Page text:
This episode offers a featured conversation with Dr. Jeff Thompson, a pediatrician, author, sought-after speaker, and CEO Emeritus of Gundersen Health System in LaCrosse, Wisconsin. Dr. Thompson is author of the recently published book Lead True and his perspective shines throughout the book: when others are afraid of the risk, the timing, or the possible failure, true leaders step forward to meet a need.
As most listeners know, healthcare systems often represent the largest, most complex nonprofit organizations – perhaps second only to colleges and universities.
During his successful CEO tenure at Gundersen, Dr. Thompson not only improved health outcomes but also used hospital resources to serve as a catalyst for rebuilding the surrounding community, helped patients die with dignity (even though it wasn’t in the organization’s financial best interest), and become a green organization while dramatically curtailing the rising cost of providing healthcare.
And he did all this while protecting the financial well-being of hospital employees, patients, and the community. True to his ethos, Dr. Thompson is donating his proceeds from this book to the Gundersen Foundation Leadership Development Fund!
A few time-stamped highlights from our conversation included:
(4:11) The difference between respect for employees and reverence for employees
(6:10) How to maintain a sense of reverence when your organization’s financial position is weak and strained
(9:58) How to convince your board to support long-term growth strategies during crisis
(14:15) How to deal with staff who are going to war with each other instead of working together to achieve the mission
(17:03) The importance of quickly addressing behavior and performance issues with upper management.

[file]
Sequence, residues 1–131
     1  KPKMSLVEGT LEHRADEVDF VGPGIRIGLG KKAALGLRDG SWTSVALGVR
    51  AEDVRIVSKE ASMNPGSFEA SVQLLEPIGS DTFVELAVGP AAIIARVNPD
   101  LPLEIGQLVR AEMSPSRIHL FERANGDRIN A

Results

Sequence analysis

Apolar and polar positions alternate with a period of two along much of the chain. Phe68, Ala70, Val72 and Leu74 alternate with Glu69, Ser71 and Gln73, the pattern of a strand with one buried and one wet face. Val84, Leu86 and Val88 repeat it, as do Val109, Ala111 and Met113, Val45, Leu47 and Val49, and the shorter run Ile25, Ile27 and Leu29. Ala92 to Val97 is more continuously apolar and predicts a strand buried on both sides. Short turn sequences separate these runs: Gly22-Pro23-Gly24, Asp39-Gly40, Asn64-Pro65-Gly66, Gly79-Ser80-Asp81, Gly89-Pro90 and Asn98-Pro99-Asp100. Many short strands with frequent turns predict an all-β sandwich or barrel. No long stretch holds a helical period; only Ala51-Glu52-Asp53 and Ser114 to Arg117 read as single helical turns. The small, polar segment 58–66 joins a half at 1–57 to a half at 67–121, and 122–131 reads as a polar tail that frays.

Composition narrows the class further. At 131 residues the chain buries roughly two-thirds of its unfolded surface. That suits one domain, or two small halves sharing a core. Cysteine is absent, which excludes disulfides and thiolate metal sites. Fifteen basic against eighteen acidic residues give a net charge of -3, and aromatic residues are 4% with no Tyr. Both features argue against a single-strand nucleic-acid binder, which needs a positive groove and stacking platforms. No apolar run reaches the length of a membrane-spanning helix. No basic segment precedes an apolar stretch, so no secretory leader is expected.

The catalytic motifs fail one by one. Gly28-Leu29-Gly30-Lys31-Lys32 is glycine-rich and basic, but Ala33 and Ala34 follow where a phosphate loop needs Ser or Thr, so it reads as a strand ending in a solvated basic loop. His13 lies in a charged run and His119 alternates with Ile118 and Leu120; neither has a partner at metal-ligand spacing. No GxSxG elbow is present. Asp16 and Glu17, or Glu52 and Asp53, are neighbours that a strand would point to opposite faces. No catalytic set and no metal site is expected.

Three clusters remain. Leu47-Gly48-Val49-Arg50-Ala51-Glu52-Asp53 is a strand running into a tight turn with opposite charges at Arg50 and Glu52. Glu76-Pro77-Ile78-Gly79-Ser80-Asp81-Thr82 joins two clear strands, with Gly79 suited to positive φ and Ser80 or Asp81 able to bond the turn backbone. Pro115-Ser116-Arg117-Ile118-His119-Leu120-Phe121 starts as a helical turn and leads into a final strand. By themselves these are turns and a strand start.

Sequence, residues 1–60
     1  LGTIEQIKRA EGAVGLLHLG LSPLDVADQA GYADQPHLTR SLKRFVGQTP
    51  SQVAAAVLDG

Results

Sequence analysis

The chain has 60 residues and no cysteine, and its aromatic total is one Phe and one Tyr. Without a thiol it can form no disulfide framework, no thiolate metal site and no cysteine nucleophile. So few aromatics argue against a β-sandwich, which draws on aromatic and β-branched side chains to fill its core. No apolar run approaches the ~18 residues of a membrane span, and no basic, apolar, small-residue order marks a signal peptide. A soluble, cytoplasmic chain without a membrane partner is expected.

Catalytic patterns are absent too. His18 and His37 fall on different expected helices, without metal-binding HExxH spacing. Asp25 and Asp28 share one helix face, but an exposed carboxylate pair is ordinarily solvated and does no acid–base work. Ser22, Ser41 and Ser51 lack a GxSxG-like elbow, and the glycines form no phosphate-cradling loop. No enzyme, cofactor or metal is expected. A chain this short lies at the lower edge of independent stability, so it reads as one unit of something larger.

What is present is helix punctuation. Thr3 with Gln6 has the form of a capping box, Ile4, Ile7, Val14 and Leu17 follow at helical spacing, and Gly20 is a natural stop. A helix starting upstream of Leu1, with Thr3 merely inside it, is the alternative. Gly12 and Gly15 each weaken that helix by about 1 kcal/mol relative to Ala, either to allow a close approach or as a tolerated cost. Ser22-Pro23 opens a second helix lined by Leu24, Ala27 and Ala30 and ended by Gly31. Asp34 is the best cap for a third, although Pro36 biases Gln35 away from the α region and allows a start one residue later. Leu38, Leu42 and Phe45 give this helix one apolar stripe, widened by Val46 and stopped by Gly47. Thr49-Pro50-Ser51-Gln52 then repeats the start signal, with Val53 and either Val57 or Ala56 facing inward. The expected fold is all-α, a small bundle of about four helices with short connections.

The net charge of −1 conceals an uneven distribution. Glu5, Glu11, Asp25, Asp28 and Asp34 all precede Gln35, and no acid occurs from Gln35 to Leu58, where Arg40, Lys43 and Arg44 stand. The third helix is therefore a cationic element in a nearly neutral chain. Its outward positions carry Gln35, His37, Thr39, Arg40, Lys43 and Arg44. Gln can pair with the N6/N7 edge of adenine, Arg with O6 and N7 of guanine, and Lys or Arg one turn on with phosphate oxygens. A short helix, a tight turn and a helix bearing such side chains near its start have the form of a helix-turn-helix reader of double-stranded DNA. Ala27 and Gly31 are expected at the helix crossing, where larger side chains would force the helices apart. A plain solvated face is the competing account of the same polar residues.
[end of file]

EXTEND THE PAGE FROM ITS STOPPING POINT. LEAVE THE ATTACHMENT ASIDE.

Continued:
(18:20) Using HR to stop be a people-buildter instead of a rules police.
(18:38) The importance of leaders being responsible for their team members’ success (and that being more important that simply holding people accountable)
(21:10) How to challenge the employee who’s performance is “just good enough” but is cruising along at 80% of their potential.
(24:20) Why leaders need “durability” in order to succeed
(28:03) How leaders can make better decisions during times of great difficulty
(31:20) A real life example of “making the right decision” even though it would decrease revenue
(42:09) Why your nonprofit organization should consider taking your fund balance out of savings to invest in green initiatives, local businesses, and partner nonprofits.
(48:43) The value of “learning journeys” to educate and build your board.
From the moment we get up in the morning until our eyes close at night, we are bombarded with marketing messages. Today we get marketing messages through our phone’s apps, online, via email, on the radio, on tv, and through the old fashioned postal mail.
Is it any wonder that traditional marketing messages aren’t working? After all, we have to cut through a very cluttered marketing environment in order to reach our nonprofit’s prospective volunteers, advocates, and donors.